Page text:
[Escribí este texto en setiembre del 2011, a pocos meses de volver a vivir al Perú luego de vivir casi nueve años en New York. Algunos amigos lo acaban de resucitar y ahora me parece que es un elogio de la que fue -y siempre será- mi ciudad. Pensé abrir este blog con este texto pero no me atreví, quizás porque está en inglés -el que fue mi idioma de esos años- y mi vida cotidiana se re-inscribía entonces con fuerza en el castellano. Ya no importa, sale a la luz casi tres años después de ser escrito.]
I recently finished Just Kids by Patti Smith, her book about her relationship to Robert Mapplethorpe during their early years in New York City. Patti’s account of those years, their commitment to art, and the hard life of contra-culture youths fascinated me. She is direct, vivid, candid, and delicate, while the story is complex, poetic, passionate, and irreverent. I loved imagining the Chelsea hotel in a 60’s and 70’s scene, the Village, the then young –but now gone- CBGB, and a myriad of well-known artists of that time. I revisited the city through her eyes.
Patti is such a good writer, in addition to being a singer, poet, performer, and leader of the underground -particularly punk- movement. I simply love that I can imagine the city in the 60's following Patti's autobiography, taking a peek at the life of a passionate artist -a personal hero- whose heart and strength do not grow old.
While the book revealed a more innocent and youthful Patti, it also reminded me of the times I saw her in New York when it was my city. An extraordinary voice and personality, she does not concede a centimeter of her politically outspoken being.
for somebody's sins
but not mine
I remember the first time I saw her singing Gloria. It rang so well with my anticlerical feelings; but more importantly, it was beautifully, perfectly, said.
The second time I saw her, at another free concert at Central Park, Patti spat media photographers. They were -as they usually are when covering famous singers- very close, almost between the public and her. She got tired and spat water on a couple of them; just once, but with manifest disdain. They retreated as Patti publicly made her point clear: she was not singing for newspapers' critics or readers, she was singing for us there. I was first shocked but then laughed, because I liked the fact that she was not singing for the cameras. And I also loved her voice and lyrics:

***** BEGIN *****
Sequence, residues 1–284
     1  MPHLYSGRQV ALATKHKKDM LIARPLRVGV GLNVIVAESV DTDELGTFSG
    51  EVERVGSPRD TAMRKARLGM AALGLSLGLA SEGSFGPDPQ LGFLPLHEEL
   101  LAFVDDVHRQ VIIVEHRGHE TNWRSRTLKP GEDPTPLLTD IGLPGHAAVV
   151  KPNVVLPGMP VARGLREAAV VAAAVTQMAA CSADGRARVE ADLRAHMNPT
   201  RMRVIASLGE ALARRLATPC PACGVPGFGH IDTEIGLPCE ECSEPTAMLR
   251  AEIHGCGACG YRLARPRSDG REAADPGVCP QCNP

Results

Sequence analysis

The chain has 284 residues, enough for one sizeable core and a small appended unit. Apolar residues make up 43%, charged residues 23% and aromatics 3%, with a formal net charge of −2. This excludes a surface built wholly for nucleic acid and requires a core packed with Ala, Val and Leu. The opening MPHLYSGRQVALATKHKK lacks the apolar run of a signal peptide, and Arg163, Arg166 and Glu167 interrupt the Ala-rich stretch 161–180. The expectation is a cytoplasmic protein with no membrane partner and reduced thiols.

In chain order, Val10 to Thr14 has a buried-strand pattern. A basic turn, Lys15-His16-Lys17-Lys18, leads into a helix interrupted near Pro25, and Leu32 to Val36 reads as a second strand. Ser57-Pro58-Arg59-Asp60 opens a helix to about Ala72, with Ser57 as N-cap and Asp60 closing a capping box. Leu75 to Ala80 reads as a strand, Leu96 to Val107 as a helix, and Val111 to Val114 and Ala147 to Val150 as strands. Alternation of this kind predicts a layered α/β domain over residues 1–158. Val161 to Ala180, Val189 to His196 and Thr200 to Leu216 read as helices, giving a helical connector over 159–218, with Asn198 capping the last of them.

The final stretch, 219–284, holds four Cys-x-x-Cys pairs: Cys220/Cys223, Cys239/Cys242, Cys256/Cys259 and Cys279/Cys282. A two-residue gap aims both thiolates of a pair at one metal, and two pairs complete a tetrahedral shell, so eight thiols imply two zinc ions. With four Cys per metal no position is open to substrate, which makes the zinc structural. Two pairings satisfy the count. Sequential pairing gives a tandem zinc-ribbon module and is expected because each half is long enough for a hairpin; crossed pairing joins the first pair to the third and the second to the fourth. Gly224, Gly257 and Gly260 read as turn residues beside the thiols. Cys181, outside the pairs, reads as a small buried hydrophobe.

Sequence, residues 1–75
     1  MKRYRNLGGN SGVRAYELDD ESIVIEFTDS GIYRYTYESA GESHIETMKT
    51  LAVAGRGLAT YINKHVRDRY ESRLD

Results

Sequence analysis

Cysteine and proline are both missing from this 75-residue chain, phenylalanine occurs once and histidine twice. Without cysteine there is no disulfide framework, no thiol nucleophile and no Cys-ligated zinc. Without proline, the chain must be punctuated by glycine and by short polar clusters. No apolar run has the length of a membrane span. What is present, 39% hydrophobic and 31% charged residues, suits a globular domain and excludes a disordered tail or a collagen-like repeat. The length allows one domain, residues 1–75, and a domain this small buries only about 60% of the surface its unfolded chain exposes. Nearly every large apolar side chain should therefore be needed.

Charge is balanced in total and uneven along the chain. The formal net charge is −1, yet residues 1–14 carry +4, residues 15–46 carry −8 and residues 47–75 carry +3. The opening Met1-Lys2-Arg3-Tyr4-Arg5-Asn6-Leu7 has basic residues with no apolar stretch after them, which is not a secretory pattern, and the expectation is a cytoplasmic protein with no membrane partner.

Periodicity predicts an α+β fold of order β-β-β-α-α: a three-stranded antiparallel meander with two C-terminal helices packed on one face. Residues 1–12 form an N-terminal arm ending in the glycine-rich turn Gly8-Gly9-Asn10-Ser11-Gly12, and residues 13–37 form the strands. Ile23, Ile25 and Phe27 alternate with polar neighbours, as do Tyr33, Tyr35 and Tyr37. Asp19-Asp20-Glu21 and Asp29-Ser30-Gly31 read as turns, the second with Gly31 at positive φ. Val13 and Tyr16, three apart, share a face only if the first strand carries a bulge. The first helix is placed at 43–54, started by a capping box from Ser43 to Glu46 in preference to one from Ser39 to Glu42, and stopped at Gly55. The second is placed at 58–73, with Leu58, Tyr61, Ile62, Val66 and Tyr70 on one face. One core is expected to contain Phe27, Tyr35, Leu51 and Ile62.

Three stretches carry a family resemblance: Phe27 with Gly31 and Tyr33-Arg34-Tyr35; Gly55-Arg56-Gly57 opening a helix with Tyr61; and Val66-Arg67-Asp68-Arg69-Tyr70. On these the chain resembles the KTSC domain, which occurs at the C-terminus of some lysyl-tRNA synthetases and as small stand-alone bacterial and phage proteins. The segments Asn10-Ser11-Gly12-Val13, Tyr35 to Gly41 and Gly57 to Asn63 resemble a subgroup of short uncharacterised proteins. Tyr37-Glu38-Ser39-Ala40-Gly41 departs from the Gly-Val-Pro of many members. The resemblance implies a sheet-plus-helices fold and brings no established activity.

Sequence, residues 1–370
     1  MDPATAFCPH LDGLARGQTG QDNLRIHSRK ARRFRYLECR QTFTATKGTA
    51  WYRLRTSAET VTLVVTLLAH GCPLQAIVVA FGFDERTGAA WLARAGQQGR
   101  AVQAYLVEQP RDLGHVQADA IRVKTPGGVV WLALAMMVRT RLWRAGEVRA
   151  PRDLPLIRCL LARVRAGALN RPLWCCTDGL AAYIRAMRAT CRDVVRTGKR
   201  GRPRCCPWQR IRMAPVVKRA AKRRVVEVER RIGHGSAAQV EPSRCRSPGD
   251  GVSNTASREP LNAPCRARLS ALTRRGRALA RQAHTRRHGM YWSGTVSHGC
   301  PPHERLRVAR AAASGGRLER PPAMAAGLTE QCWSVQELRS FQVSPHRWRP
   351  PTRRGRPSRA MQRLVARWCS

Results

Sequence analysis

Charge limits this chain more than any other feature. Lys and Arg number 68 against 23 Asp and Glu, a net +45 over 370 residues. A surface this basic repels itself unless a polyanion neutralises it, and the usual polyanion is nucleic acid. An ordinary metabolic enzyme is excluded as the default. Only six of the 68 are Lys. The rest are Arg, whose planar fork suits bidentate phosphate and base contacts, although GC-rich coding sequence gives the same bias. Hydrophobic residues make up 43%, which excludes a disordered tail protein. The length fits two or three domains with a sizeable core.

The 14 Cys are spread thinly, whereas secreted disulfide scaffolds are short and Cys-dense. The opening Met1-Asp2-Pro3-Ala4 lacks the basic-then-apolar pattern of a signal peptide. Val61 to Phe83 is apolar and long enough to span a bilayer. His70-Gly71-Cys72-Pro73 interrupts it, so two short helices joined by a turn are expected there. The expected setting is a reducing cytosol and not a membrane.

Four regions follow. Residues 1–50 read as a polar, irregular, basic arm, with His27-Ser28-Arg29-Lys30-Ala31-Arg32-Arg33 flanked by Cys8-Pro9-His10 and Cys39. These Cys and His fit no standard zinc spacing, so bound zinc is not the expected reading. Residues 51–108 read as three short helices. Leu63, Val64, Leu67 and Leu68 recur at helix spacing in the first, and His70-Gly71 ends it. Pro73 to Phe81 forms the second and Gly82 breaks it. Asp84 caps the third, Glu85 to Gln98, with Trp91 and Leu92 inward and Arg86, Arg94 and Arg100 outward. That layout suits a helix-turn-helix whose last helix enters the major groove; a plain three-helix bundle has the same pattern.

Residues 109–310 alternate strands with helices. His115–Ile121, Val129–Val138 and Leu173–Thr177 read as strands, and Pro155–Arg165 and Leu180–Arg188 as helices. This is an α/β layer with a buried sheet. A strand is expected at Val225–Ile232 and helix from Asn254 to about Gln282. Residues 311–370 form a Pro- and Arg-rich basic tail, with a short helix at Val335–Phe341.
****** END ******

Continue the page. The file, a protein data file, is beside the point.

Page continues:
Because the night
belongs to lovers
because the night
belongs to us...
That's the only one I had heard before seeing her for the first time. But of course I didn't really know Patti, and I was just starting to know the city. And there is so much of Patti in New York! So much of her irreverence and creative commitment here and there. The city is intense and fiercely cosmopolitan, multicultural, confrontational, ghettoized, modern, elitist, underground, neoliberal, individualistic, tough, solidarian, solitarian, art-centered, politicized... The best place I've had to get to know me, and to get a sense of the world, and of the possibilities of coexistence within difference.
I’m so young
I'm so god damn young...
Her voice in the book is not quite like her voice in concerts, where she speaks and curses non-stop and talks against war and our money-centered world, calling for a different way of understanding power and signaling to change coming from the margins.
Do you like the world around you?
Are you ready to behave?
Outside of society
they're waiting for me
Outside of society
that's where I want to be
Jimmy Hendrix was a nigger
Jesus Christ and grandma too
Jackson Pollock was a nigger
nigger, nigger, nigger, nigger
nigger, nigger, nigger
From the margins, from outside the status quo, the ones that do not fit in see it and say it better, transforming anger and resistance into art. That has been her legacy and her vantage point; a rare and courageous perspective that inspires me in many ways.
What else can I say? I loved the book, I love her songs, I love the ways she makes me feel. Take a peek (watch the video and read the book).
Me gusta pensar en las intersecciones que hay entre política y cultura, y sus muchas ramificaciones.
Un blog de Carmen Ilizarbe